The Pakistani startup ecosystem has, despite a lot of hype and excitement among the Pakistani entrepreneurs, still not produced enough successful startups. However, there are a number of Pakistani-born businessmen and entrepreneurs that have been widely successful creating million dollar businesses from scratch outside Pakistan.
Meet Tariq Farid, Founder of Edible Arrangements :
Born in Pakistan in 1969, Tariq Farid is the owner and CEO of Edible Arrangements, a US-based franchising business that specializes in fresh fruit arrangements. His company, now worth more than half a billion dollars, has more than 1,200 stores all over the world.
“In 2016 alone, Edible Arrangements is expected to ship 10.8 million orders.”
Tariq’s journey started out with a moderately-sized flower shop in East Haven, a Town in Connecticut, United States, which he bought by borrowing $5,000 from his parents. Unlike many other mega-entrepreneurs, Tariq didn’t start out with a dream of making a million-dollar business.
At that time, he was just a 17-year old trying to make ends meet. That’s when he had an idea of making edible arrangements of fruit-filled bouquets and chocolates. This idea would go on to later transform his whole life.
“Being around flowers, I started thinking about the presentation of food in different displays and, at the time, no one was thinking about scaling or turning it into a big retail business,” said Tariq in an interview with Forbes.
When he first started pitching his idea to people, he was turned down by a lot of people and told it wouldn’t work. He was told that “people aren’t going to pay for this and it hasn’t been done before.” Not giving up, he decided to send an edible arrangement off to floral customers just to see their reaction. The response he got was simply amazing and reinforced his belief in his own idea.
“The customers asked, “when can I buy them?” I was inspired by the customers and when someone told me it’s not going to work.”
He opened the first Edible Arrangements store in 1999. Initially, it was incredibly hard. On their very first holiday, the festival of Easter, they had to make 28 arrangements and it took them 16-18 hours to carry that out. But after the orders had been sent out, more and more people started taking interest in them.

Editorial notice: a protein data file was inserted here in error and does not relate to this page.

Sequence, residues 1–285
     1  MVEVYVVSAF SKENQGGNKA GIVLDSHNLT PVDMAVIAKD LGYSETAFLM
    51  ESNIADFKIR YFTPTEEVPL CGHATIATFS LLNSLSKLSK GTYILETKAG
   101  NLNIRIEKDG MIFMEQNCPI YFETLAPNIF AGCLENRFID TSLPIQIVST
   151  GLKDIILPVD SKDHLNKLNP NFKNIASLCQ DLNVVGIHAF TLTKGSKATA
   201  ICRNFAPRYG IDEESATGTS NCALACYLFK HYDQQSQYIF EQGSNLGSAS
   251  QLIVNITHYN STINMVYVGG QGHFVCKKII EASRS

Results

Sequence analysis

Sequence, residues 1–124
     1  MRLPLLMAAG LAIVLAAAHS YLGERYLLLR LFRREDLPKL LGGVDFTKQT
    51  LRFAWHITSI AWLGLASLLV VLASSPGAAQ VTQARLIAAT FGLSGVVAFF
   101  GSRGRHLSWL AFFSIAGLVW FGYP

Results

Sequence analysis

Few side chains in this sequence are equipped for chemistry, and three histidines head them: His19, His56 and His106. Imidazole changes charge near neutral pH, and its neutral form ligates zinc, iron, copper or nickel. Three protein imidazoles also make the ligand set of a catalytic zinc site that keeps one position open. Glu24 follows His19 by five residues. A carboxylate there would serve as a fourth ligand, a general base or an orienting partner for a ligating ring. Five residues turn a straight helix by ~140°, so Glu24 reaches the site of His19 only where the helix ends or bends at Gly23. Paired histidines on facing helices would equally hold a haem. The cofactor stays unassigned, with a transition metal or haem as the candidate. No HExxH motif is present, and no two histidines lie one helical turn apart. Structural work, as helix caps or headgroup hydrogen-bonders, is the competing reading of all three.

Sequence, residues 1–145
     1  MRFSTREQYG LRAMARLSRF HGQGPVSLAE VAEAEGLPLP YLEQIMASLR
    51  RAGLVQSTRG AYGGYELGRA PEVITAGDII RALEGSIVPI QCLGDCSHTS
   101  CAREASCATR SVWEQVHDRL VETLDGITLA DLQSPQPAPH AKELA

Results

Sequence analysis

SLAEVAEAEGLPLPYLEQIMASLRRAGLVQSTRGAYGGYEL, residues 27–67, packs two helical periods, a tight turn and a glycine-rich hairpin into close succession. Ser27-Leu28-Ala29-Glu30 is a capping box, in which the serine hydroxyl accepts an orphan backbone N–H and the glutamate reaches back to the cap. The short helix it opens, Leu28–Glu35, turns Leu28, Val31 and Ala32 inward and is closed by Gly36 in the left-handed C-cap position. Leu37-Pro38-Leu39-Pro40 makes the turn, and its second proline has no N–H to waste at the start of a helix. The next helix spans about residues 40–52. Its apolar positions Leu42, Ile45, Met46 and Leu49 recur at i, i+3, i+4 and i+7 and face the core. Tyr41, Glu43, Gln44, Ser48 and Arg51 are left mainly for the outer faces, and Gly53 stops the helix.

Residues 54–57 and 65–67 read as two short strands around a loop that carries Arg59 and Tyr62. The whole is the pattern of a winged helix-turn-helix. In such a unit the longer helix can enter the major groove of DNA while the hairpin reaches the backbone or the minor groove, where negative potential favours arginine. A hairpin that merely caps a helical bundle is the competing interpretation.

Building a Franchise :
Even after orders had started flowing in, Tariq still had a relatively small business. The real break came when a customer reached out to ask if he could build one in the American state of Massachusetts. Tariq, initially doubtful, said he would consult his attorney and send the paperwork if needed.
In truth, he didn’t even have an attorney. So he put together a document and did all the research by himself. In doing this, he learned a lot of things about franchising which he normally wouldn’t have.
“When I spoke with franchisees I knew what every word meant and that was one reason we were very successful,” he elaborates. “When I got on the phone, I knew every aspect of the document we were signing and knew why it was there and the purpose of it.
That’s where it all changed for him and Edible Arrangements. Today, Edible Arrangements is worth over $600 million. In 2013, they hit $500 million in systemwide sales for the first time. Their sales expectations for last year alone were pegged at 10.8 million orders.
It has taken Tariq 17 years to take his company to where it stands today, and still, he keeps on planning to take it even further. He says that they are currently working with a number of big companies that want to use Edible Arrangements’ products for marketing or thanking clients. Moreover, they plan to add 75-100 stores per year.
Tariq has faced many challenges along the way but has successfully managed to deal with every one of them.
“Before, everything was a lot simpler, but now you have to build a web presence and a global presence. Along the way, things have gotten very complicated and very expensive.”
Tariq Farid is a big example of why you don’t need millions in funding to succeed or to be incubated at some big-name incubators or accelerators. It also shows how the only feedback about your idea that you need is from your consumers — the people actually using your products. A lot of people laughed off at his idea in the start, but that didn’t put him off.
The question we need to ask ourselves is that would he had been as successful over here in Pakistan as he is in the United States? The problem, it seems, isn’t in the ideas or the people themselves, but in how the small business or startups over here grow and scale themselves.